When you write a case/when statement in T-SQL, it’s critically important that you cause all return values to have the same data type. If you don’t do this, you open yourself up to conversion problems. This problem can occur even if some branches of the code are never executed.
When SQL Server compiles the code, it analyzes all branches of execution and determines the return data type. It does not matter that your particular query does not use a particular branch of execution. If it’s there, it will be considered.
This article describes data type precedence that sql server uses:
Here is some code that highlights this issue:
Declare @Data VarChar(20) Set @Data = '' Select Case When @Data Is NULL Then NULL When @Data = '' Then 'Data is empty' When 0=1 Then 1 End
Since @Data = “, the code should return ‘Data is empty’. In this case, it doesn’t because the 0=1 branch causes SQL Server to ‘attempt’ to convert each return value to an integer, and fails.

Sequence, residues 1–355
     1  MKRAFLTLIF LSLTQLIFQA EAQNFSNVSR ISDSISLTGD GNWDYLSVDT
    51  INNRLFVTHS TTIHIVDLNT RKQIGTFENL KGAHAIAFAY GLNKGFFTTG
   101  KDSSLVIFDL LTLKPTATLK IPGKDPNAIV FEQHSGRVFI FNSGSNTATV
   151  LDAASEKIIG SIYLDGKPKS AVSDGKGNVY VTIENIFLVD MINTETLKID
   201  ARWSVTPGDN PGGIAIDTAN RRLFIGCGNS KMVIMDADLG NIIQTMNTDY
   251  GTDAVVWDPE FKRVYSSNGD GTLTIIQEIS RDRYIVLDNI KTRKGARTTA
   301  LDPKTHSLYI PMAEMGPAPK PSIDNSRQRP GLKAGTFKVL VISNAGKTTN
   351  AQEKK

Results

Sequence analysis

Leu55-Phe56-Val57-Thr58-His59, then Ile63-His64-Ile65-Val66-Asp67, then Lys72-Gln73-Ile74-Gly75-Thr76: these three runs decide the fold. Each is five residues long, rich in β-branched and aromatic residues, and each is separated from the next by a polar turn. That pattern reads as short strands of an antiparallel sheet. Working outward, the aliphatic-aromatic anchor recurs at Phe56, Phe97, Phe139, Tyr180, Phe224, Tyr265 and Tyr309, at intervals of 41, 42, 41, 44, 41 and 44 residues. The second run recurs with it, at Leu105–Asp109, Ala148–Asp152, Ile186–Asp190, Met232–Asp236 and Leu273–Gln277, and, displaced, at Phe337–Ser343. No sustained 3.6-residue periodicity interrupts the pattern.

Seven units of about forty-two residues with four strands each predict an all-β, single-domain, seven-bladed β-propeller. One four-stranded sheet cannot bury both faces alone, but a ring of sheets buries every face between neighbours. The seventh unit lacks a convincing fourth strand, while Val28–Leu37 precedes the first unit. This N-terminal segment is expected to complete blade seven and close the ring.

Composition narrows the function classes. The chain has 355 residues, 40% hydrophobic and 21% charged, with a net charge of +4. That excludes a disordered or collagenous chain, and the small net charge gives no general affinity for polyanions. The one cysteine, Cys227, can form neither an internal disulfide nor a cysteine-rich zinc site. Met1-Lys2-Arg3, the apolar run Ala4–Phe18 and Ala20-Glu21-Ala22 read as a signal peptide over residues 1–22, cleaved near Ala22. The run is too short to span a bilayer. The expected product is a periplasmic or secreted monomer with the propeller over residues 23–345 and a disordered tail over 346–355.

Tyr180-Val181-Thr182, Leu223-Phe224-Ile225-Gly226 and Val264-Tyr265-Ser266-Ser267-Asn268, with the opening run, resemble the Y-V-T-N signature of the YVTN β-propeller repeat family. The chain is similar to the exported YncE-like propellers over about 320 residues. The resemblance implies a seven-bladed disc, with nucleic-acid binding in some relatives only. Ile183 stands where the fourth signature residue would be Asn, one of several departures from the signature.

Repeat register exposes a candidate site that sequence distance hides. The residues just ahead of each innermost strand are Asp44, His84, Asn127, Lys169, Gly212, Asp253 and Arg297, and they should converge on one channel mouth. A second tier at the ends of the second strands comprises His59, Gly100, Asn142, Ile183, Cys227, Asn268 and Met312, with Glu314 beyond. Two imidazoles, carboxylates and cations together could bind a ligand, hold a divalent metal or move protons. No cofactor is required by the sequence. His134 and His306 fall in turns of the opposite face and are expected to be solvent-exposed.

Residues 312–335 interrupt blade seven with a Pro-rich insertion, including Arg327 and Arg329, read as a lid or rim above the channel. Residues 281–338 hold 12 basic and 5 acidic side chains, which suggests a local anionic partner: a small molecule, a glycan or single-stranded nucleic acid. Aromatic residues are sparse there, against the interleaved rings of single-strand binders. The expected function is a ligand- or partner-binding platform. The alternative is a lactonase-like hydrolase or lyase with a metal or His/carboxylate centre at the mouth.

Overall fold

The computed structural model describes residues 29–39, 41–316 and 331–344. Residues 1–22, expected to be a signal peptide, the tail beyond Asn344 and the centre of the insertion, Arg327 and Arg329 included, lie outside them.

When mixing numbers and strings, SQL Server prefers (based on data type precedence) to convert data to numbers. This is a little unfortunately because all number data can be converted to a string, but not all strings can be converted to a number.
The fix for this particular problem is to convert everything to a string. Basically, if you want even just one branch of a Case/When statement to return a string, then you should make sure all branches return a string.
Declare @Data VarChar(20) Set @Data = '' Select Case When @Data Is NULL Then NULL When @Data = '' Then 'Data is empty' When 0=1 Then Convert(VarChar(10), 1) End
Now, each branch returns a string (or NULL, which doesn’t matter), so there will not be any problems with running this code.